National College for Educational Leadership – Preparing Principals for Effective School Leadership | Art & Leisure

Changing demands and new imperatives have made school leadership a political priority for governments around the world. Increasingly, countries seek to align their education systems with the needs of the modern world, and the expectations of school leaders have therefore changed dramatically.

Skills now required for effective school leadership include the ability to set vision and strategy, lead the change agenda, engage in systems thinking, demonstrate a sense of service and community. , work in a team and demonstrate ethics and integrity.

Essentially, there is a demand for a set of school leaders capable of providing adaptive and creative solutions to the challenges facing the modern world and the ability to transform their schools into visionary entities. Leadership development, therefore, for educational leaders must be competency-based, relevant, flexible, practical and peer-focused in order to meet the existing and emerging demands of our schools and school systems.

The Ministry of Education, Youth and Information has given high priority to the development of leadership in education and greater accountability of the system, given that it is aware of leadership development as that responsibility not only individual, but also institutional.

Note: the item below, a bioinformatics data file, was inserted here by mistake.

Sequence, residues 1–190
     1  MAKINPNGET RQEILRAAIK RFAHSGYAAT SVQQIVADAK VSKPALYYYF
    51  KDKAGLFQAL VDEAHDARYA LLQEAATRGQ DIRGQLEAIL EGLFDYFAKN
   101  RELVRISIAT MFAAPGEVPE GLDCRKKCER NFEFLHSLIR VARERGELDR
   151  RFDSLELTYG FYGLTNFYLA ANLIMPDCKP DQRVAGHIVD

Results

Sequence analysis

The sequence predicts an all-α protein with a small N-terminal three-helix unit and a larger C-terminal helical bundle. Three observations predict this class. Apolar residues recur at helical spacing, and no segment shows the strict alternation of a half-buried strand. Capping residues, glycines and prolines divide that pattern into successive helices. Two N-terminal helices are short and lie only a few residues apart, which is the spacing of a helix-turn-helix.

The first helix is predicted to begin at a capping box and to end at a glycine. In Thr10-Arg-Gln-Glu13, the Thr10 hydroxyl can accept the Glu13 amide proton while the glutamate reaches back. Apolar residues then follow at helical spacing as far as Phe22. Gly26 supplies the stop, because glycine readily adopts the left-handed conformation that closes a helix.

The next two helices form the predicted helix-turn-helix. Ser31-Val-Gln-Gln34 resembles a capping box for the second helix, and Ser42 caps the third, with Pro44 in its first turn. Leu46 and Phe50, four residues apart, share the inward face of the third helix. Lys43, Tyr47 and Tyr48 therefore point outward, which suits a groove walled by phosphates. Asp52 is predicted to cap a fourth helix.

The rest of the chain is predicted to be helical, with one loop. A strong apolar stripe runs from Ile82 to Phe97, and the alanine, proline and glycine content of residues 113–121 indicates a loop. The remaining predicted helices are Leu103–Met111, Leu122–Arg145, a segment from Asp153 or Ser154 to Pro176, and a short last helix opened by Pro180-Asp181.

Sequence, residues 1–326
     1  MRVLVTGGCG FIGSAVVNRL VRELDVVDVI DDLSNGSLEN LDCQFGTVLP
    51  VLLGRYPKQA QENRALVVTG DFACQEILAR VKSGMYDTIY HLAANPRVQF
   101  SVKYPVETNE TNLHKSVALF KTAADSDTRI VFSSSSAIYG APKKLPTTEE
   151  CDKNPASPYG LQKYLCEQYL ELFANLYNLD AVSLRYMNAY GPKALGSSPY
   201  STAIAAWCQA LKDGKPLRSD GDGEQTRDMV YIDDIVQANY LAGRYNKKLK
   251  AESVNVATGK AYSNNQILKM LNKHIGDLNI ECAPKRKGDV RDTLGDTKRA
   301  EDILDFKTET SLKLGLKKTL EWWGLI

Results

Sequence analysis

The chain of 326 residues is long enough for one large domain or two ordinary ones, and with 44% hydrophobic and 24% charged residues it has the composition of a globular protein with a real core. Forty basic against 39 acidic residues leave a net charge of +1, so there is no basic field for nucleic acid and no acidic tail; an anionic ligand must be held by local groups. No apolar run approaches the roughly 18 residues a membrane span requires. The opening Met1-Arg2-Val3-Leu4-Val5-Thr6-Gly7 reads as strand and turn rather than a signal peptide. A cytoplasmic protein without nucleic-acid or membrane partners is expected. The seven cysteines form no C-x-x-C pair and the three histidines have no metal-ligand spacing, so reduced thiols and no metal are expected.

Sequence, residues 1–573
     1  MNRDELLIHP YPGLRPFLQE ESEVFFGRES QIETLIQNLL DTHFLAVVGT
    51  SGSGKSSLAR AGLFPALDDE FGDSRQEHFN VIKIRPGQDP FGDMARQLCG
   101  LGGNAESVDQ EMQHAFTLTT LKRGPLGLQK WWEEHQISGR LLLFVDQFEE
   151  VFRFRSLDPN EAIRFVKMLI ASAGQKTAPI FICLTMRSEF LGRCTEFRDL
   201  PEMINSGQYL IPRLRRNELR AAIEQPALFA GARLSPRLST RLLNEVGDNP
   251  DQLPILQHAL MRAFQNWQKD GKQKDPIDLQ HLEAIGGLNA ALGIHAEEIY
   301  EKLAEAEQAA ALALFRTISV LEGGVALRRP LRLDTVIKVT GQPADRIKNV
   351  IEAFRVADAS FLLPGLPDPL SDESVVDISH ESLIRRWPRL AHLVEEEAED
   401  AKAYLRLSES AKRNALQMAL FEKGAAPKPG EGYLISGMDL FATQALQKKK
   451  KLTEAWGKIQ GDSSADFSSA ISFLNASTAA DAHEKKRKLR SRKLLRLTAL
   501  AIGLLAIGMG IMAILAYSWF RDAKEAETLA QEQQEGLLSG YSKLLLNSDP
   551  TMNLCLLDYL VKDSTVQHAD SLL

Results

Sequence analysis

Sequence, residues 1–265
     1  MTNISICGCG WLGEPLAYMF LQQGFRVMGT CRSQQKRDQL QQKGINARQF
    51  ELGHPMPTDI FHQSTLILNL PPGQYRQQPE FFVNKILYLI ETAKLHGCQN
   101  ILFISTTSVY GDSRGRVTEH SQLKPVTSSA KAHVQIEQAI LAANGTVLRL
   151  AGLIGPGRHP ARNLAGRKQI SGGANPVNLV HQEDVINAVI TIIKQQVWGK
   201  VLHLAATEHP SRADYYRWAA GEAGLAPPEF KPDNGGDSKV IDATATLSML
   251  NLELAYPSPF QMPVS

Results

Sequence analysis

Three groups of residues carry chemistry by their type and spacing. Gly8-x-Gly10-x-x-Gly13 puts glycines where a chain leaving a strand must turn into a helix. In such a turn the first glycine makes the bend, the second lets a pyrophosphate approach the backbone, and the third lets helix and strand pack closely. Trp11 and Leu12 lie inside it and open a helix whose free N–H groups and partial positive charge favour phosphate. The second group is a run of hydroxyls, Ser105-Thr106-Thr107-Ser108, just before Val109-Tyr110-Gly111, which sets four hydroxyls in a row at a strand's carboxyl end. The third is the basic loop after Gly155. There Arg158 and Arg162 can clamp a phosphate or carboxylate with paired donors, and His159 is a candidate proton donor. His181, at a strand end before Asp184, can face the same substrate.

The ministry’s efforts were highlighted in the recommendations and subsequent implementations of the Jamaica National Education Reform Task Force, 2004. The report described a new model of governance in which governance and management at regional and school levels would be strengthened through the training and certification of all school directors. The report stated that to be successful, schools must:

– a strong and efficient board of directors;

– a responsive director demonstrating strong leadership;

– responsibility for the management of the teaching profession by school principals, vice-principals and department heads; and

– an articulated shared vision of success around which stakeholders align strategic planning and monitoring to achieve the vision.

The National College for Educational Leadership (NCEL) was a direct response to the recommendations outlined and was established and charged with developing excellent leadership in the island’s public schools and supporting institutions.

NCEL leads strategic initiatives to enhance leadership, facilitate the provision of support and build local leadership networks in collaboration with regional offices, the National Inspectorate of Education, the Jamaica Council of Education and the National Board of Education.

It responds to the development needs of school leaders, aspirants to experienced principals of primary, secondary and tertiary schools, education officials and school treasurers. Since its inception, the college has trained more than 75% of school principals on the island through its flagship program, the Effective Principals’ Training Program (EPTP).

PRACTICE OF LEADERSHIP

The EPTP is designed to meet the developmental needs of system and school leaders with an emphasis on the practice of leadership rather than the theory and scaffolding of leadership skills rather than the acquisition of concepts. Principals who have been exposed to this program have demonstrated transformative attitudes, beliefs and practices in the areas of teaching and learning, leadership, collaboration and accountability.